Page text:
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On many political forums, I see commenters write terms like "Amerikkka" or "Obummer" in an effort to be derisive. What's the word for this sort of thing? They're often repeated in lieu of an argument, so maybe it's a sort of meme? It's a bit more specific than a portmanteau. "Shibboleth" comes to mind, too, but I'm not sure if it's the best fit.

  • "Amerikkka" and "Obummer" are not examples of the same thing, since "Amerikkka" would still be pronounced "America" but "Obummer" will not still be pronounced "Obama." – developerwjk Apr 27 '17 at 20:40
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    Pun, play on words, double meaning... with a particularly nasty edge. – Mari-Lou A Apr 27 '17 at 21:35
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    could you call them "satirical misspellings"? (yes it is true that some can be understood when spoken and some cannot.... but that something is a subset of a broader class does not remove it from the parent class) – Tom22 Apr 27 '17 at 22:52
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    @developerwjk squares and circles are not the same thing but they are both shapes. It's correct to call both shapes despite them being different things. – Tom22 Apr 27 '17 at 22:53
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    @Tom22 The Wikipedia article for satiric misspellings actually lists "Amerikkka" among them (along with some other cringeworthy examples)! This might be it. – ArnoldF Apr 27 '17 at 22:56
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satiric misspellings

ArnoldF pointed out this wikipedia entry for satiric misspelling,

I thought I was coining a term but, as it looks like others have also used it to some extent, I'll list it as an answer.

A satiric misspelling is an intentional misspelling of a word, phrase or name for a rhetorical purpose. This is often done by replacing a letter with another letter (for example, k replacing c), or symbol (for example, $ replacing s, @ replacing a, or ¢ replacing c). Satiric misspelling is found particularly in informal writing on the Internet, but can also be found in some serious political writing that opposes the status quo.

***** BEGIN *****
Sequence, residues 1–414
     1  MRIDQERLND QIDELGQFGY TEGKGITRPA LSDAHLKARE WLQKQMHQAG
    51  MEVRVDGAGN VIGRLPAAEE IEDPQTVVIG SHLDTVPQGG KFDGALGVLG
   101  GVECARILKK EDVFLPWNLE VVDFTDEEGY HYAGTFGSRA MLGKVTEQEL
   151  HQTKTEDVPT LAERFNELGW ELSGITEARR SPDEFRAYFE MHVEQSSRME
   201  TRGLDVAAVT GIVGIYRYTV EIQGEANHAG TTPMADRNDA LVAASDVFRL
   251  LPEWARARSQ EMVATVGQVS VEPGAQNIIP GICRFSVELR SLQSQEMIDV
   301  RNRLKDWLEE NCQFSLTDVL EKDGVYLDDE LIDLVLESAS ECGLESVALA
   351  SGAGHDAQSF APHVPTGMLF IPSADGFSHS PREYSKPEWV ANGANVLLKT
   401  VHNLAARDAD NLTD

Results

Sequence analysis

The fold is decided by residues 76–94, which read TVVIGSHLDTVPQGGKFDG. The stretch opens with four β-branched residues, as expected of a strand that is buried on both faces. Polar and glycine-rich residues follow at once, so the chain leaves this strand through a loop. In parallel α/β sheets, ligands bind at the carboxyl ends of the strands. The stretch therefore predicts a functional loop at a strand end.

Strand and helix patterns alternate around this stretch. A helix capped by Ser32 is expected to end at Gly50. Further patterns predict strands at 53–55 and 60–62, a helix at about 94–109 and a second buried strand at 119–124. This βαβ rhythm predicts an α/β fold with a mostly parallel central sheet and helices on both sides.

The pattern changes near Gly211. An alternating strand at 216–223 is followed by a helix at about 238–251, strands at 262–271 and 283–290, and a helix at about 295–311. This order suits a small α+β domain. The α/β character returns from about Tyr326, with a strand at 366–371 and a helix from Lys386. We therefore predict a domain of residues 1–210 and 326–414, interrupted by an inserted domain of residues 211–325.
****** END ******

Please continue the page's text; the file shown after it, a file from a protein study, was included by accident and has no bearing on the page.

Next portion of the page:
A common satiric usage of the letters KKK is the spelling of America as Amerikkka, alluding to the Ku Klux Klan, drawing to a perceived notion of an underlying or inherent racism in American society. The earliest known usage of Amerikkka recorded in the Oxford English Dictionary is in 1970, in a journal called Black World. Presumably, this was an extrapolation from the then already widespread Amerika

I will concede that the wording doesn't as neatly fit "obummer" as it does "amerikkka" ... and perhaps something more specific could be found to describe a satiric misspelling with a more phonetic aspect to it. Pehaps a distinction could be made and call those "satiric mispronunciations" But those can also be written, not always said aloud.

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They are derogatory slang terms:

Amerikkka:

(pejorative slang) The United States of America. Generally used in depicting the country as fascist or racist.

  • 1970 July, “White Ethics and Black Power: The Emergence of the West Side Organization”, in Black World/Negro Digest, volume 19, number 9, page 83:
  • In Amerikkka, this movement is evident from efforts to control the institutions serving and located within Black communities.

Origin:

Blend of America and KKK

(Wiktionary)

Obumner:

  • Refers to negative events, actions, or reactions that are specific to the Obama administration.

(UD)

Obummer, Nobama: Ranking the Best Obama Pun Insults

(theatlantic.com)

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